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        • #5
          My .02 worth, If you want a generator for welding buy a welding generator. I smoked a few 15-18 kw generators using them to run a welder, even with capacitors it was hard on the generators.I had a machine shop in a trailer and used a generator to run the tig welder and power the trailer with a lathe,mill,and various other equip.Then used a trailblazer to run a suitcase feeder and plasma cutter along with any other equipment I needed for remote work.At that time my business was also a Generac service dealer so I had the upper hand on generator repair and still tossed in the towel on the battle with trying to use the generator for running my welder. Keep in mind I did do a bit of AC tig and that can pull a surge of over 90 amps, too short to trip a breaker but long enough to toast a generator head or mother board-long story on all this. I think that miller has a outstanding product when it comes to this- I would get a trailblazer if I were thinking about portable, had one,loved it, ran a 625 plasma off it along with many other options and never ever had a problem.
          Another thought: if you are planning a business and are going to be portable, talk to your insurance about this, if you can get anyone to talk to you. If you are less then 3 years in business and do remote welding, it can be a financially challenging situation. My insurance pretty much doesnt want to cover portable. They also have this half baked theory that making a trailer hitch is not covered, but repairing one is ? uh ? ya ? what ever ! Guess there is no risk in fixing up that old rusty one, but welding up that new steel is really risky ? So thats my short take on that.

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          • #6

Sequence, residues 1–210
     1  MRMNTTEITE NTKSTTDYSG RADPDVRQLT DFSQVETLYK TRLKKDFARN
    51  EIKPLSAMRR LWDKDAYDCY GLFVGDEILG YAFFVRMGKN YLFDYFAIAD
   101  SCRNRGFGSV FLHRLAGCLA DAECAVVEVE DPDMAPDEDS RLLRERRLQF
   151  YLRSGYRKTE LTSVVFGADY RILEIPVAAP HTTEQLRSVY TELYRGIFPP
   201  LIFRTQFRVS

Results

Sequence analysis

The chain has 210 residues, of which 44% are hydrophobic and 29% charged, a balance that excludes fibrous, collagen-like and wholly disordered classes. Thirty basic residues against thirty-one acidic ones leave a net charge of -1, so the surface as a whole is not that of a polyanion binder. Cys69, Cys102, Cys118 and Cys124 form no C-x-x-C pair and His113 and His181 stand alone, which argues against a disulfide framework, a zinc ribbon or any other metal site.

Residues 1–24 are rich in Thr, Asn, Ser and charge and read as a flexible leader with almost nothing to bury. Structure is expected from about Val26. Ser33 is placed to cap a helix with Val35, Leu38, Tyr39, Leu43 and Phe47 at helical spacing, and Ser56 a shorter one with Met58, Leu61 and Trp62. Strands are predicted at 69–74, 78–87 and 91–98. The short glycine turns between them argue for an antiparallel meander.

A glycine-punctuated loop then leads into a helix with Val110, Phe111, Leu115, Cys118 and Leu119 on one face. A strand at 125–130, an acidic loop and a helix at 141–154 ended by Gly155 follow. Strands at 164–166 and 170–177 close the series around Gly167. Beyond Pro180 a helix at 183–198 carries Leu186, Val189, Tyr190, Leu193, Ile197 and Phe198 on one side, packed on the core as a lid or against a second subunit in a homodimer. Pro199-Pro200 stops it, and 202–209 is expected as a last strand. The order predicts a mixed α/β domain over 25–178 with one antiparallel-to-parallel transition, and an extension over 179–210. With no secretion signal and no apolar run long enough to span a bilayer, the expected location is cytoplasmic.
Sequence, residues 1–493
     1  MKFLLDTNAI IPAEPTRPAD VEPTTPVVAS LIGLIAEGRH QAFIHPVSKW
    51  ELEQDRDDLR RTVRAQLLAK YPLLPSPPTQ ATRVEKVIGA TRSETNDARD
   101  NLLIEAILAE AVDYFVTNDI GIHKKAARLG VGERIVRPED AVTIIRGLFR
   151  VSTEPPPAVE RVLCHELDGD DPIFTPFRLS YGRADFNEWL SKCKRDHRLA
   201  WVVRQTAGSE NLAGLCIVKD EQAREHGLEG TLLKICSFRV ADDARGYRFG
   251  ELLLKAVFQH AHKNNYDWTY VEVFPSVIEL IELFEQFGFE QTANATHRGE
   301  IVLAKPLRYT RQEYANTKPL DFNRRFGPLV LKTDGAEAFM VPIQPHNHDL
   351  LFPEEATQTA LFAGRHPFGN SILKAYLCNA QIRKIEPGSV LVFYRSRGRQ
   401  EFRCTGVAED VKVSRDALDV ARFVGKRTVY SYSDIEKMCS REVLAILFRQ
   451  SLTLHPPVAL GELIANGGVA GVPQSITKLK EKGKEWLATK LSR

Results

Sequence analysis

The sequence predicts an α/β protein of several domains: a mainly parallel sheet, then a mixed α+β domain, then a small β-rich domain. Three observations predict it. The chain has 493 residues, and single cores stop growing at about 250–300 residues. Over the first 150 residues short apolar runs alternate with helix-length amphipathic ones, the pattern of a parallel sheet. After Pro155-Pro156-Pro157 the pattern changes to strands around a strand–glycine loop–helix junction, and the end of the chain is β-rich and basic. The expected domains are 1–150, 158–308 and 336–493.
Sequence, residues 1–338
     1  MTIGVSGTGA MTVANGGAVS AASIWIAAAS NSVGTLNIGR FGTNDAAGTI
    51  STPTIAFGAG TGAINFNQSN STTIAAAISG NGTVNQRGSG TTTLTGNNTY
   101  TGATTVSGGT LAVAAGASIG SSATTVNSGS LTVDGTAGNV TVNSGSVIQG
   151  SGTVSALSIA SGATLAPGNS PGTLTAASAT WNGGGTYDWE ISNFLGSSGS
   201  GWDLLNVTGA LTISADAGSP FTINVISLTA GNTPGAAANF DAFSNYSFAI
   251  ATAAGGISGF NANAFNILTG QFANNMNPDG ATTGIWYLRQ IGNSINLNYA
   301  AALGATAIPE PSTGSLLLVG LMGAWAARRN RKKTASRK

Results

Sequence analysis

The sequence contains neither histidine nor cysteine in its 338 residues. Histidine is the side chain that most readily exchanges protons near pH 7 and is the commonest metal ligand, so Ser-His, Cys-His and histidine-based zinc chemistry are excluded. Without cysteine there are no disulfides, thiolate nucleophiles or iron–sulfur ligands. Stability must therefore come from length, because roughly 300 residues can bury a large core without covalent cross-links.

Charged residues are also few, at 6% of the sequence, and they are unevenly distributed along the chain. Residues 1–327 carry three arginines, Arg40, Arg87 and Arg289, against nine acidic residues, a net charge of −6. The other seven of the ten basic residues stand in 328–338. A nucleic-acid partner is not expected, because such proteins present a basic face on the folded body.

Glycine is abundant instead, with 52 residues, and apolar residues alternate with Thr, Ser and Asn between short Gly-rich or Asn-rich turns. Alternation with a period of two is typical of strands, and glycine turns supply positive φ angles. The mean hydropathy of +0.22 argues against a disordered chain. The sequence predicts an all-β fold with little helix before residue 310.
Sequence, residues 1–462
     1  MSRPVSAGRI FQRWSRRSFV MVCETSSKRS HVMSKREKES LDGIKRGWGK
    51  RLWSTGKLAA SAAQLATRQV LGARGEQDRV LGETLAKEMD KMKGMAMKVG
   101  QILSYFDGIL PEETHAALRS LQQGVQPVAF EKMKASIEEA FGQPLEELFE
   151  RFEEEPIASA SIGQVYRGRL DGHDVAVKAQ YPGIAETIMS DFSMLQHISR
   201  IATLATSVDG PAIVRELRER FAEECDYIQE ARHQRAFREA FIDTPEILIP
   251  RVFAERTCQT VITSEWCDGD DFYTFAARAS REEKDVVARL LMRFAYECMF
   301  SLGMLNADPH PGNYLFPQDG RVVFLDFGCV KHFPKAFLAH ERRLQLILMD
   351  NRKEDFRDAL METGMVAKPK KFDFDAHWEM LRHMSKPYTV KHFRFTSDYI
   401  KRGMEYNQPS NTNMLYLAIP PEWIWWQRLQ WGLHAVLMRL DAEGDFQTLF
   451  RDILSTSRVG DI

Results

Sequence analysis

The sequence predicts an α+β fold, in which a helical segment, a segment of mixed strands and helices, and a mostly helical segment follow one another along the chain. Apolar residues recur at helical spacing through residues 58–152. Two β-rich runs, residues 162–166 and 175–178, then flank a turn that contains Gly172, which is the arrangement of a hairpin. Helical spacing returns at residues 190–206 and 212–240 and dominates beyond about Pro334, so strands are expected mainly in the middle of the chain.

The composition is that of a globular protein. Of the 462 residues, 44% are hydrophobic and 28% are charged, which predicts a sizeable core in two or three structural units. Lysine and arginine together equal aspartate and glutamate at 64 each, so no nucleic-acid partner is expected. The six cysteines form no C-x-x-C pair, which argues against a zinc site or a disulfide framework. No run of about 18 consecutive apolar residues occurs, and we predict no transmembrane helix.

Amen! on the insurance situation, Dan.

            My agent makes it a point to remind me whenever I add a new equipment to my policy that I am only covered at my shop and that my equipment is for repair and maintenace of company owned property (although I do push that envelope from time to time, but I'm very cautious about it). I have to reassure him that the enginedrive is primarily used as a genset. I think it has something to do with the fact that their underwriter's largest claim to date was by a welding outfit that set a building on fire at the air force base...ouch!
            Last edited by SkidSteerSteve; 11-22-2006, 11:06 PM.

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            • #7
              That's really the information I wanted to know, guys thanks for the responses. Looking at the Trailblaser for a possible purchase. Selling both of my TIG and MIG welders will get me pretty close to the price. The extras will have to come next year. I also have trouble selling my stuff off, recently sold a Mill and Lathe and came to immediately regret that. Now looking for a older USA lathe for the replacement.

              Comment


              • #8
                If you happen to find TWO good US lathes, hollar at me! I wouldn't mind a Leblond sitting in the corner... come to think of it a Bridgeport would look nice too. Actually, those are my next two major purchases that I am saving toward.

                Good luck,
                SSS

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                • #9
                  I'm looking for a Warner Swasey #3 (turret Lathe), there's alot of them around, but can't seem to find one in Missouri. I've found them in every other state, but mine???? To costly to ship from anywhere (3000 LBS) and no one really wants them anymore. I will find one locally or at least in the near by states.

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                  • #10
                    I missed out by just a few days on a local used Summit 19-4 x 80 gapped engine this summer. Granted, they are a European/US hybrid, but my neighbor spent many years working for them as a tech and designer, so he can basically rebuild it in his sleep. Good to have friends like that.
                    SSS
                    Last edited by SkidSteerSteve; 11-23-2006, 07:58 AM.